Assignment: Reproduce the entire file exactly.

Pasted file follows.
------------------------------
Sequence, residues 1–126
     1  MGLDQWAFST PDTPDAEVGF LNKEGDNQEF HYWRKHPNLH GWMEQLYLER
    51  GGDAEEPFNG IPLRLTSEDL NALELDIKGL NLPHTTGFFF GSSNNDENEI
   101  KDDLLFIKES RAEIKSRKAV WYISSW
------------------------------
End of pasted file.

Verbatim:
Sequence, residues 1–126
     1  MGLDQWAFST PDTPDAEVGF LNKEGDNQEF HYWRKHPNLH GWMEQLYLER
    51  GGDAEEPFNG IPLRLTSEDL NALELDIKGL NLPHTTGFFF GSSNNDENEI
   101  KDDLLFIKES RAEIKSRKAV WYISSW